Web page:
7. Feed a nutritionally balanced ration. Iodized salt and vitamin A or green feed supplementation lessen the toxicity of nitrates.
  8. Adapt cattle slowly to elevated levels of nitrate. Allow animals to graze only a couple hours per day for a few days on suspected fields. Never turn hungry animals in to a suspected field – allow them to graze other pasture first or feed hay before turn-in. Never exceed maximum recommended levels of nitrate intake.
  9. Feed suspect forage in small amounts several times a day rather than all at one feeding.
  10. If forages are high in nitrates, ask your county agent about an analysis of the drinking water.
  11. Be aware that forage regrowth and volunteer plants are highly suspect following nitrogen fertilization and drought.
  12. Observe animals closely for signs of toxicity, and call a veterinarian immediately if symptoms are observed.

What causes nitrate to accumulate in plants?

  • All plants contain some nitrate, but excessive amounts are likely to occur in forages which have been grown under conditions of excessive fertilization and/or stress.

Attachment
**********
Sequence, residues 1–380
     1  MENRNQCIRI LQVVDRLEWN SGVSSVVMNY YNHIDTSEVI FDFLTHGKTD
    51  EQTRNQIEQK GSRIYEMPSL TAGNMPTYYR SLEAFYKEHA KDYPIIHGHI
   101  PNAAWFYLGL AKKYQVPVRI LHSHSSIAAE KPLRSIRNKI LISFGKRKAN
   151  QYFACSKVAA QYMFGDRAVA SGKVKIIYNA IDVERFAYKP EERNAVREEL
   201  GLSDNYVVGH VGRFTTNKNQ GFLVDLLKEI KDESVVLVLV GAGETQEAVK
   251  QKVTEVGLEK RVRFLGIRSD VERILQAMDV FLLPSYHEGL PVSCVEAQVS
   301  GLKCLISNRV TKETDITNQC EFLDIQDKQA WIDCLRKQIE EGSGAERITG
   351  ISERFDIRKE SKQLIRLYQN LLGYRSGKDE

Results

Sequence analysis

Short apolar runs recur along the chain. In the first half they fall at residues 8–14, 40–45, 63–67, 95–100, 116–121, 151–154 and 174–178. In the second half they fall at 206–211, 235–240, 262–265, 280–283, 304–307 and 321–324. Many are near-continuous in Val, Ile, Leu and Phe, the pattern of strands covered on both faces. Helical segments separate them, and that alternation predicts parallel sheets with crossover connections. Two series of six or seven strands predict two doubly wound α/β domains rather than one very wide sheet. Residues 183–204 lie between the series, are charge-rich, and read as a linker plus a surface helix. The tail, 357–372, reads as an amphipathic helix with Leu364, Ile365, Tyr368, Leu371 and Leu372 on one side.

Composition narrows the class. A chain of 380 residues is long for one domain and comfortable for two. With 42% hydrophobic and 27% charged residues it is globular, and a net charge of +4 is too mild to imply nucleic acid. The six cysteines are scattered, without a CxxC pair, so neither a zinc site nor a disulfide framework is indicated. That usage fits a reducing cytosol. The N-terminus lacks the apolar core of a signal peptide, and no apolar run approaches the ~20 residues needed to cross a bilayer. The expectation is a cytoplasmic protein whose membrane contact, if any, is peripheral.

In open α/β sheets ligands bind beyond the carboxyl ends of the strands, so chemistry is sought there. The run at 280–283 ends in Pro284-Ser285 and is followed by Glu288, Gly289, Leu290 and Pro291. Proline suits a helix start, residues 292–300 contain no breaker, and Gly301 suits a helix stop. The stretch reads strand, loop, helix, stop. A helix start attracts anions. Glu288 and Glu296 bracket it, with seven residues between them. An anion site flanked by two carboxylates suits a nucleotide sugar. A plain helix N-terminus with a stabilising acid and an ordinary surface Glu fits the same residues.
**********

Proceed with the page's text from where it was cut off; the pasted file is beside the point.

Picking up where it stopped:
• Excessive fertilization with poultry litter or animal manure is a common cause of nitrate accumulation in plants.
  • Plant species and adverse environmental conditions before harvest affect the concentration of nitrates even more than available nitrogen in the soil. Direct ingestion of fertilizers that contain nitrates can be toxic to livestock.

Any stress condition which causes an abrupt decrease in plant growth may contribute to plant nitrate accumulation, even with a normal nitrogen supply. Some of these conditions are:

  1. Lack of Sunlight – Shaded valleys, continued cloudy days and high plant populations may contribute to excess nitrates in plants.
  2. Detrimental Weather – Drought and high temperatures or low humidity, cold temperatures, hail damage and frost may slow or stop plant growth and cause nitrates to accumulate.
  3. Herbicides – Spraying with herbicides such as 2,4­-D may result in temporary high nitrate levels in some weeds. Herbicides disrupt the normal enzyme systems of plants, and this action interferes with the reduction of nitrates and their conversion into protein. Judicious, timely spraying of pastures to control young weeds will actually reduce the nitrate hazard because those weed species which are normally high in nitrates are killed early in the year. This reduces the overall threat of nitrate toxicity through more of the season.